Finding Exposures to the Original Renewables Metal

With the signing of the Paris 2050 agreements, industrialised nations are increasingly adjusting their economies to bring about a decarbonised world, or at least are attempting to move towards “net-zero” emissions.  Most of the recent focus has been on the electrification of transport with many major automotive manufacturers ceasing R&D of the faithful internal combustion engine (ICE) and switching those funds to electric vehicles instead. 

Volkswagen, for example, is targeting 60% electric vehicle sales in Europe by 2030, while in North America, GM said it will cease the sale of petrol/diesel cars and SUVs by 2035.  In NSW, the state government recently announced incentives to encourage the take-up of electric vehicles.  While cars grab most of the headlines, other important technologies include battery storage and advances in solar and wind power generation.  In Australia, there is currently about 240MW of battery storage with a further 1,000MW under construction and almost 3,000MW proposed. 

This has created an incredibly strong tailwind for the renewables industry and generated a lot of excitement around “new” energy metals, most notably lithium.  The use of batteries and other storage media helps overcome the limitations of solar and wind.  We believe strongly in this dynamic and have investments in lithium producers such as Pilbara Minerals and associated rare earths in Lynas Rare Earths. 

There is no doubt in our minds that lithium and rare earths have a central role in this new economy, as does solar and wind.  Nuclear too, may have a place, as well as hydrogen, and old-fashioned fossil fuels will be around for years yet as the transition takes place.  However the future evolves, there is one element that is common to all these outcomes, and that is copper.  Regardless of the technology, copper alone is present.  Already a 24Mtpa market, copper demand is set to grow strongly as the pace of electrification intensifies. 

Copper is the second most conductive metal after silver but only about 1/90th of its price.  It is highly ductile and more robust than competing metals like aluminium.  It is used in every imaginable electrical device and is the most sought after of the base metals.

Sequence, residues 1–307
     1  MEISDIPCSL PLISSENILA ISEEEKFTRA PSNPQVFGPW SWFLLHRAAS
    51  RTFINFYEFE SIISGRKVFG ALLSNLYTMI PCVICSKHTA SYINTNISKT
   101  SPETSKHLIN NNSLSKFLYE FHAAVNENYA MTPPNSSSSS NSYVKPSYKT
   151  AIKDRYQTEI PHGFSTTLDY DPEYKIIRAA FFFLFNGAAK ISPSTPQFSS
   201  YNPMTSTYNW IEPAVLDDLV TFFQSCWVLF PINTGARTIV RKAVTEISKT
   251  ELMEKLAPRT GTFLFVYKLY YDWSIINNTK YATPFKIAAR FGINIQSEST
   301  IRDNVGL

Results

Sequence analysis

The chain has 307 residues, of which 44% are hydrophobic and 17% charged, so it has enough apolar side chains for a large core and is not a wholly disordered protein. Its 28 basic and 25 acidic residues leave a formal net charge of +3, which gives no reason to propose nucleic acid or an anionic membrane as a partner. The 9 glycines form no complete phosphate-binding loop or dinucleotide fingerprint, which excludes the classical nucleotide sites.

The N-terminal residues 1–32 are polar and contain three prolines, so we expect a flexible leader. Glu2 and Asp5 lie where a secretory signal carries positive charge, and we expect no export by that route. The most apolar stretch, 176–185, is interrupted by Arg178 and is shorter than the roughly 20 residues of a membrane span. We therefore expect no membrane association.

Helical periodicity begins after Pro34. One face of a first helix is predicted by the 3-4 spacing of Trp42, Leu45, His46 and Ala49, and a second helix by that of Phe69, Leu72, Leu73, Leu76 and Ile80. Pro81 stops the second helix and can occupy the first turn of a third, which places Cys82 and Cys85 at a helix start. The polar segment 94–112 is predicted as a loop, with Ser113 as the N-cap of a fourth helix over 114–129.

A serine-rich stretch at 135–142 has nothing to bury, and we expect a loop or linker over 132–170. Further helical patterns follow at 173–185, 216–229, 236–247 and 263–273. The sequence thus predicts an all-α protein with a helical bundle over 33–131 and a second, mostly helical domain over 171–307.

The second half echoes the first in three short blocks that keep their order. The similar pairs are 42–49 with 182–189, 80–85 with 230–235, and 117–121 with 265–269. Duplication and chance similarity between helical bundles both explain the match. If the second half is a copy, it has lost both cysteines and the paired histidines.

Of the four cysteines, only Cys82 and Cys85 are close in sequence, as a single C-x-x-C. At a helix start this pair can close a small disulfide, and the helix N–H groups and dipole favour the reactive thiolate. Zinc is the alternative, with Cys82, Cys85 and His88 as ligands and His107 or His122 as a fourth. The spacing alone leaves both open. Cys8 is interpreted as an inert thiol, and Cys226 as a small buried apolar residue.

Consider the impact of vehicle electrification.  A standard ICE uses between 8kg and 20kg of copper, but a battery electric car uses around 80kg, or 4-10x as much.  An electric bus uses as much as 370kg of copper.  To give these figures some context, look at Australian new car sales last year of almost one million vehicles.  In simple terms, full electrification would mean an increase in contained copper from 10-20kt p.a. to 80kt p.a., which is more copper than Sandfire Resources produces in a year. 

In electricity generation, a windmill uses about 4 tonnes of copper.  In the Australian context, where wind accounts for ~8.5% of generation from around 2,700 turbines, the copper required, prima facie, is almost 11,000t.  The world’s biggest producers of wind energy, China and the EU, dwarf Australia, having 30x and 21x more installed wind capacity, respectively.  It’s hard not to be swayed by these figures, especially as demand for renewables capacity grows and hence, we view copper in parallel with lithium as a core part of a renewables theme. 

Except for OZ Minerals, investment in ASX copper pure-play companies is the preserve of small caps.  While there are a small number of listed producers, we are most excited by Eagle Mountain Mining (EM2-AX).  The company owns a brownfield project with existing resource in Arizona, which is the US’s top copper producing State.  Drilling results to date are very encouraging.  When the asset was last mined in the 1990s, the copper price was about US$1/lb (see chart below) whereas the price today is close to $4.50/lb.  We have seen plenty of examples, especially in gold, where old mining areas have been successfully reopened on higher commodity prices. Reopening old mines is also likely, in our view, to be more successful in currently operating mineral belts. This is the case with reopening gold mines in Western Australia or, hopefully, a copper mine in Arizona. 

Eagle Mountain has existing infrastructure, proximity to smelters and a pool of experienced labour.  It is presently tripling its drilling rate and we expect to see news flow increase over the coming months.  There is lots of work ahead for the company but with the strength of the electrification tailwind for copper, we believe further drilling success may result in a material uplift in valuation. 

More information

To find out more, contact your local Fidante Partners BDM or Adviser Services on
1800 195 853.

Author: David Haddad, Principal and Portfolio Manager

This material has been prepared by Eiger Capital Pty Ltd ABN 72 631 838 607 AFSL 516 751 (Eiger). It is general information only and is not intended to provide you with financial advice or take into account your objectives, financial situation or needs. To the extent permitted by law, no liability is accepted for any loss or damage as a result of any reliance on this information. Any projections are based on assumptions which we believe are reasonable, but are subject to change and should not be relied upon. Past performance is not a reliable indicator of future performance. Neither any particular rate of return nor capital invested are guarantee